Imagine a man, sixty years of age, who has just been told by a medical doctor that his wife of forty-three years has contracted an incurable and terminal disease. The medical doctor informs the man that his spouse’s condition will begin to deteriorate. The disease will lead to chronic acute pain in the body, followed by loss of motor functions, and eventually death. The man is living in the moment knowing that nothing can be done to prevent his wife’s disease from progressing, and in despair he chooses to over medicate her with painkillers. In his mind, the painkillers will allow her to evade pain and enter a realm of eternal sleep. This action is called euthanasia. Euthanasia is defined as “a deliberate act undertaken by one person with the intention of ending a life of another to relieve that person’s suffering and where the act is the cause of death” (Gupta, Bhatnagar, and Mishra 1). Unfortunately, this type of situation is not far from reality. In fact, the first national survey on euthanasia, conducted in 1990, showed that 8,100 deaths resulted from administration of high doses of painkillers. The painkillers were explicitly administered to cause death. In 4,941 of these cases, the patients’ lives were deliberately terminated without their permission or awareness (Fenigsen 78). With the rapid increase of diseases being diagnosed annually worldwide, it is not a surprise that doctors and families see euthanasia as a viable alternative for the terminally ill. Indeed, euthanasia has become a common practice in society and a number of people, doctors and families alike, believe that is it the right thing to do. However, euthanasia should be prohibited in all circumstances because it goes against the doctors’ Hippocratic Oath, violates patient rights, leads to a slippery slope and rejects god’s gift of life.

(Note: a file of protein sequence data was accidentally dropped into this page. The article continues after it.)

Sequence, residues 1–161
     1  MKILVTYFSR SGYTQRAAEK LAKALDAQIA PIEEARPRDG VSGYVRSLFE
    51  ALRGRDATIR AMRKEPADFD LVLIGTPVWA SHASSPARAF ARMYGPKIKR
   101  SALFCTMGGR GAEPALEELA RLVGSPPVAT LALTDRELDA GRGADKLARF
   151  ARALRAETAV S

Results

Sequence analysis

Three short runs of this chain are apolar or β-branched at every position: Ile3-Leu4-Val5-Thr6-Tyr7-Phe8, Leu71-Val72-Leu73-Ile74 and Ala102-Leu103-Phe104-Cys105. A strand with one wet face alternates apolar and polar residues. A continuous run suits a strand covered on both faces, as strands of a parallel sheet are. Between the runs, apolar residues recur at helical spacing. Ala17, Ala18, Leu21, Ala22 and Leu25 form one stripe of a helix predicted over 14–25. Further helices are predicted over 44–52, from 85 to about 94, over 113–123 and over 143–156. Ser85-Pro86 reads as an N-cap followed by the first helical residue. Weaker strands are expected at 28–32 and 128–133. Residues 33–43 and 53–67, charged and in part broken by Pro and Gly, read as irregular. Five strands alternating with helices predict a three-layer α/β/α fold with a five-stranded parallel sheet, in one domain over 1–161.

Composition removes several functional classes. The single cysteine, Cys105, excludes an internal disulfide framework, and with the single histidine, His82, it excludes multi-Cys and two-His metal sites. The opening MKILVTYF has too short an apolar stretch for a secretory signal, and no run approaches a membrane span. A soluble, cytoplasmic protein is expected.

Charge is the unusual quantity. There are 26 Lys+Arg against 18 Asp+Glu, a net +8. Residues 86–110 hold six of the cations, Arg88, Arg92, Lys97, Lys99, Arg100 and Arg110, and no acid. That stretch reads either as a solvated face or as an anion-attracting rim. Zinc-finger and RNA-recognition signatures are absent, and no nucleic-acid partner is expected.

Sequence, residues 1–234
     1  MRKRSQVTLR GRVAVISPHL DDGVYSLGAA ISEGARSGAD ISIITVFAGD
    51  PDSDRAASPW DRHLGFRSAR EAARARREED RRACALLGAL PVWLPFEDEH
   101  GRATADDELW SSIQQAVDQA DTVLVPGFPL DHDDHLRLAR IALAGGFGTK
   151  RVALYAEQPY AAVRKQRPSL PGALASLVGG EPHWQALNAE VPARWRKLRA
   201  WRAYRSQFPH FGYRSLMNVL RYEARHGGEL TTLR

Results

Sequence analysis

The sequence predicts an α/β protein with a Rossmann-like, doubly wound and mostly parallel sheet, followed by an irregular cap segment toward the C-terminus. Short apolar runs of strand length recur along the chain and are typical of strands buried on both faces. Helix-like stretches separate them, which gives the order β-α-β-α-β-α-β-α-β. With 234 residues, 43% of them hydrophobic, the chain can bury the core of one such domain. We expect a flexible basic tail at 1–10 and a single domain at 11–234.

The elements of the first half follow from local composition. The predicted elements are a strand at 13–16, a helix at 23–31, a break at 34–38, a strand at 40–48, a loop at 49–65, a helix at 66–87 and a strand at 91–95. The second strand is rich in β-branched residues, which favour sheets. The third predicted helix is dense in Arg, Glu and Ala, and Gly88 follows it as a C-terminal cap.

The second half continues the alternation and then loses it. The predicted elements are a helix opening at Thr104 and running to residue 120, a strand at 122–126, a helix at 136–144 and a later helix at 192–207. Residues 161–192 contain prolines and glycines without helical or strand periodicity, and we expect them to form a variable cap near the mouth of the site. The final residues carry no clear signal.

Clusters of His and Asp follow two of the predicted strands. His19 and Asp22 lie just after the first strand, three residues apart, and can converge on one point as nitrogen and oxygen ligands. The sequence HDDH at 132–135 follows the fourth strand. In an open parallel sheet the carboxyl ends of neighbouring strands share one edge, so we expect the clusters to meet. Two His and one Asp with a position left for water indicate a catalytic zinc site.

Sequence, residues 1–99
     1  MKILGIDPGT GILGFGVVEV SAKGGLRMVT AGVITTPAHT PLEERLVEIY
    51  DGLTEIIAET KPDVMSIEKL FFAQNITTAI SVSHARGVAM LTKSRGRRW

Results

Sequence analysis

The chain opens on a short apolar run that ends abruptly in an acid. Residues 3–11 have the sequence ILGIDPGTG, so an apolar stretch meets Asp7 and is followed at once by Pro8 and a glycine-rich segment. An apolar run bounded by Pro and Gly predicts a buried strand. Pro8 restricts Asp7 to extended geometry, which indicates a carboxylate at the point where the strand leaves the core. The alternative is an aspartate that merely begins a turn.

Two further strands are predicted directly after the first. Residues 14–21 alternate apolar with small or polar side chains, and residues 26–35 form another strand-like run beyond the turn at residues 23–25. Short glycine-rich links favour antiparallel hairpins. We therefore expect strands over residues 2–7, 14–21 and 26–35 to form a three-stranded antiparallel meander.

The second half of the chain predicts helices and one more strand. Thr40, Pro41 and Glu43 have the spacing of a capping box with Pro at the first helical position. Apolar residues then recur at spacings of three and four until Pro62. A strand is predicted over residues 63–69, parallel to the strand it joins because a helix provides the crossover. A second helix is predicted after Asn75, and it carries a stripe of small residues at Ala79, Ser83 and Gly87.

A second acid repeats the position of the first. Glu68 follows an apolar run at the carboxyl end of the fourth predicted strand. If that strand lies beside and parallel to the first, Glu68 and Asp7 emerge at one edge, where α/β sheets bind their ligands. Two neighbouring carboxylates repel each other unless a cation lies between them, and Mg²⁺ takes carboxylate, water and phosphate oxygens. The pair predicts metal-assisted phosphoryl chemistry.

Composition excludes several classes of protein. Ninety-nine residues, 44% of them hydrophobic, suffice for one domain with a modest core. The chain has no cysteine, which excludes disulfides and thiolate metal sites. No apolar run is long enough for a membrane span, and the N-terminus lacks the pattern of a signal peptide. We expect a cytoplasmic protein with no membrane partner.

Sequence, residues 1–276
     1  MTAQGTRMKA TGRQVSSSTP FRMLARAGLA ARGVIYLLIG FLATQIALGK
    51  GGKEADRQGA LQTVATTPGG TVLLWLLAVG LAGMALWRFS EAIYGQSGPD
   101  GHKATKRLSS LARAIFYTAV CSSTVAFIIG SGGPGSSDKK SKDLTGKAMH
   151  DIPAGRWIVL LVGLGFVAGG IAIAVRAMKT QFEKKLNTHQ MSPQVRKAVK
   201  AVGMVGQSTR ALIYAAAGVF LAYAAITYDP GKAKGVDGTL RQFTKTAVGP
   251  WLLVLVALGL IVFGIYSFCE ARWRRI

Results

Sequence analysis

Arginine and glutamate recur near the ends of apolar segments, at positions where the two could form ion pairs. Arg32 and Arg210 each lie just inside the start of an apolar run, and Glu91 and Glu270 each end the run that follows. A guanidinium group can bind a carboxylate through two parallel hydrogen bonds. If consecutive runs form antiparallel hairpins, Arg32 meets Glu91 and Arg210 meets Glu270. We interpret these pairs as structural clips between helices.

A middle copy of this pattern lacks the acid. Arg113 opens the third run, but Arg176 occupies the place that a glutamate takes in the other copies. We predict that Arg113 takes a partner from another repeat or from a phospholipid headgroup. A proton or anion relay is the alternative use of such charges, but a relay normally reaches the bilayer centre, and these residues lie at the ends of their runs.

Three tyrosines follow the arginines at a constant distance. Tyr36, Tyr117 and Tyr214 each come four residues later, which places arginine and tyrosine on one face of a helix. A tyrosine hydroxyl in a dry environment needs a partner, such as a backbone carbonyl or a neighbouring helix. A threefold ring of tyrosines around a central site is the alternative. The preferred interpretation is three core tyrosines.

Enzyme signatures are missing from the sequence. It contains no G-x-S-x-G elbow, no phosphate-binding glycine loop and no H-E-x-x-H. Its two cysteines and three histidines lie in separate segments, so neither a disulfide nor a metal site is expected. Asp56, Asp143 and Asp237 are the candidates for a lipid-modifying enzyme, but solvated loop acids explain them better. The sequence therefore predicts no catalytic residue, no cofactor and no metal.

The Hippocratic Oath is a pledge that doctors take at the start of their medical careers in which they promise to practice medicine in a moral and honest manner (Hulkower 41). The Hippocratic Oath, whether in its classical or modern version, has a set of ethical principles that doctors must uphold to the highest standards when caring for their patients. The practice of euthanasia, however, contradicts the very nature of the medical profession, which presupposes that doctors must always strive to protect and preserve life. In “Hippocrates Seduced,” Patrick Beeman mentions the classical version of the Hippocratic Oath that doctors recite upon graduation from medical school:
I will follow that system of regimen which, according to my ability and judgment, I consider for the benefit of my patients, and abstain from whatever is deleterious and mischievous. I will give no deadly medicine to anyone if asked, nor suggest any such counsel; and in like manner I will not give to a woman a pessary to produce abortion. (17)
Here, the Hippocratic Oath states that doctors should always act in the best interest of their patients and protect...